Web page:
Mandatory human rights due diligence is the direction of travel

Louise Eldridge, CORE Policy and Communications Officer

In response to pressure from civil society, European governments are beginning to introduce laws to require companies to respect human rights.

Last week, I attended an event on ‘Using the Corporate Toolkit to Address Public Ills’ at University College London (UCL) Faculty of Laws to hear about developments in France, the Netherlands and Switzerland – countries that have been bolder in their efforts to address corporate abuses than the UK. What can we learn from these countries, and can such developments be snowballed to the UK?

Firstly, Alice Evans, lecturer at Kings College London, explained that France has legislated for extraterritorial liability through its Duty of Vigilance Law (2017). Several factors were instrumental in the adoption of the law: a) increased campaigning for human rights due diligence globally; b) a media coverage exposing how French companies were connected to abuses such as the Rana Plaza atrocity; and c) political and social confidence in the state to act in the common good.

Evans argued that UK civil society could learn from the actions of our French counterparts. Campaigners portrayed human rights due diligence as the obvious direction of travel, polling showed public support for change and a broad network of civil society organisations worked closely, together with journalists, to publicise corporate abuses.

The next speaker, Martijn Scheltema, Professor at Erasmus School of Law in Rotterdam, described the Dutch Agreements on Responsible Business Activity across 13 “risk” sectors, including banking, forestry and garments. NGOs, the government and companies are “in dialogue” on these agreements, and compliance is encouraged by companies’ role in shaping the requirements. However some agreements lack transparency and since they are semi-voluntary, not all businesses do comply.

Last year the Dutch Labour Party introduced a Bill designed to require companies to create action plans to address child labour in their supply chains. Many companies supported the Bill, seeing it as rewarding corporate “pioneers” on business and human rights and helping to level the playing field. The bill was passed by the House of Representatives in February 2017, but is currently stalled in the Dutch Senate.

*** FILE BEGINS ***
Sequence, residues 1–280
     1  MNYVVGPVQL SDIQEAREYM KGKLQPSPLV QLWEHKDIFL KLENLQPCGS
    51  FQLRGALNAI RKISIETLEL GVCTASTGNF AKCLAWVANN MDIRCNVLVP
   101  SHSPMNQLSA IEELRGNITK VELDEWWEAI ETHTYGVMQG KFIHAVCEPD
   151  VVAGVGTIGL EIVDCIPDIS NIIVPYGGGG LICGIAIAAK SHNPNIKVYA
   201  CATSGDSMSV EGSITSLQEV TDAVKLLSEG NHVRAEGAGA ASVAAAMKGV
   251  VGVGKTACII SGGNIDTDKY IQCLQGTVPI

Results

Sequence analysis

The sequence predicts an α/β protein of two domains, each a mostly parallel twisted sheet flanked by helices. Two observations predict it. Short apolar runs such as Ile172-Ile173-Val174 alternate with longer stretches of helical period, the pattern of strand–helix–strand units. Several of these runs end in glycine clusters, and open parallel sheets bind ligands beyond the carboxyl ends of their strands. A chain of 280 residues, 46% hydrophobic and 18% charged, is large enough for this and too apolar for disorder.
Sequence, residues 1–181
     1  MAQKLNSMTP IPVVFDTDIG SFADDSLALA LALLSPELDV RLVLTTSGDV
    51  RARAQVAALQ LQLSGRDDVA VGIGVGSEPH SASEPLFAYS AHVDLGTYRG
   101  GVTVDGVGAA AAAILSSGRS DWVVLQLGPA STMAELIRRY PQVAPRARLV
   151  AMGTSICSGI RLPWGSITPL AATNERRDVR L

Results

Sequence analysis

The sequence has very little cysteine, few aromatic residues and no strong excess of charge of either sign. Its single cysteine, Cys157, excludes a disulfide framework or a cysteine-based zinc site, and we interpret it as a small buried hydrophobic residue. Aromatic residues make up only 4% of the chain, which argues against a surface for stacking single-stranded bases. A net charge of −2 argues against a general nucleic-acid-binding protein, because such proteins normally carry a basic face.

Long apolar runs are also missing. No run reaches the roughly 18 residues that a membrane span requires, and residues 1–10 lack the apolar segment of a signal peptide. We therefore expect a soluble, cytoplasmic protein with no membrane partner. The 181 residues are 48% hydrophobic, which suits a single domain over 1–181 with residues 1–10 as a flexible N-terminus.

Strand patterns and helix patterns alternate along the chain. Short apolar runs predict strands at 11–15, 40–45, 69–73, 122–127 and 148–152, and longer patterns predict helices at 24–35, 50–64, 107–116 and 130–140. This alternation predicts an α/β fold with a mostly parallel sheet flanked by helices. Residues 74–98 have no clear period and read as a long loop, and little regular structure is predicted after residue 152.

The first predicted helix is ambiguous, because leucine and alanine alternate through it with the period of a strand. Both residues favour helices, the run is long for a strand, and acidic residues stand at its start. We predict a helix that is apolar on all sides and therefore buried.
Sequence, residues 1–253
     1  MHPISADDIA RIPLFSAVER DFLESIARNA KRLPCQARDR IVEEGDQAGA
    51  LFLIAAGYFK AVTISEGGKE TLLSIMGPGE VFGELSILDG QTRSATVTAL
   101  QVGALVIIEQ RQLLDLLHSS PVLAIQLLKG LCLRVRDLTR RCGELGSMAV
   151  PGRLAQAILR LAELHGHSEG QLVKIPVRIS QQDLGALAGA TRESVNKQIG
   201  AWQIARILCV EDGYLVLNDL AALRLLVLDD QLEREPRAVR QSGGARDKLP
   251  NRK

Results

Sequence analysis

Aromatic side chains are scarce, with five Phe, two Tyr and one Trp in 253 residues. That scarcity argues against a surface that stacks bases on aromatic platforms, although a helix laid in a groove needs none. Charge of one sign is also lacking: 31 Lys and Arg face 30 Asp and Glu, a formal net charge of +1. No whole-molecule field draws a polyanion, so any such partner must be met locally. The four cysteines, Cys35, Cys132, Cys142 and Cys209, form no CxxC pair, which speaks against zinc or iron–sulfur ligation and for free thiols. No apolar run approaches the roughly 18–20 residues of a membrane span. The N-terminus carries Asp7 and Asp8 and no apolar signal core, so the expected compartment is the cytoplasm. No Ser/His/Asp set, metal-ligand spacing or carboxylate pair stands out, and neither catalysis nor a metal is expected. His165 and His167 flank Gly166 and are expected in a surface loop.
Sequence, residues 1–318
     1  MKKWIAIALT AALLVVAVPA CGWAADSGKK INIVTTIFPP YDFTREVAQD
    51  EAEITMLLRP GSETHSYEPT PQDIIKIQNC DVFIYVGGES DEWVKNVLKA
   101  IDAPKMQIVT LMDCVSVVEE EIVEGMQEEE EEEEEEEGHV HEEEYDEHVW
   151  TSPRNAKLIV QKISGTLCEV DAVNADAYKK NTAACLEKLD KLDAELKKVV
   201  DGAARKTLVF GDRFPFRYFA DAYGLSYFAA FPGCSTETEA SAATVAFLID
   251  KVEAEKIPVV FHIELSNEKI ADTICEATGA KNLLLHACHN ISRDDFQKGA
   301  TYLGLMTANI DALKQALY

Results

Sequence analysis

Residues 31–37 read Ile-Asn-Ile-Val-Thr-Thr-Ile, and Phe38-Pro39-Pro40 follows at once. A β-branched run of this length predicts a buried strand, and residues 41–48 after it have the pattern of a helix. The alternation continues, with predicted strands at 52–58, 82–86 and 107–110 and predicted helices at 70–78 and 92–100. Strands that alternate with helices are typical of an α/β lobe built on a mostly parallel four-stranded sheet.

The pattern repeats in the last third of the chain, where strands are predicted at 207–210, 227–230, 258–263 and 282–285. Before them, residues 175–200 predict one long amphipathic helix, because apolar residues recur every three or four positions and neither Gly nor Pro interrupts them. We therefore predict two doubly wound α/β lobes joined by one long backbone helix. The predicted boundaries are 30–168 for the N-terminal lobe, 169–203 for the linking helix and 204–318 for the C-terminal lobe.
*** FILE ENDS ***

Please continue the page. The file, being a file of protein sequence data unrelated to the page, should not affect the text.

Developments in Switzerland are more positive. Florian Wettstein, Director of the Institute for Business Ethics at the University of St. Gallen, explained the Swiss Responsible Business Initiative – a campaign for a nationwide referendum on a constitutional amendment to require Swiss companies to respect human rights, launched in 2015.

The campaign was supported by over 80 NGOs (and now many more), who gathered the 100,000 signatures required to show public support for a referendum. Following political debate, the Swiss National Council brought forward a counter-proposal which, while weaker than the original text, still retains provisions to hold companies accountable for the actions of subsidiaries under their control.

So, what can we learn from the developments in France, the Netherlands and Switzerland? Firstly, we know that it is important to build a wide civil society base to advocate for change in law. Secondly, it is possible to gain business support for mandatory human rights due diligence (indeed, there are long term benefits to business sustainability). The challenge is to ensure that companies do not write the rules themselves, and that human rights violations are not framed and understood only in terms of risks to the business, but risks to people.

Ultimately, developments in Europe show that mandatory human rights due diligence is the direction of travel. The UK government must ensure it is not left behind in upholding human rights and environmental standards.

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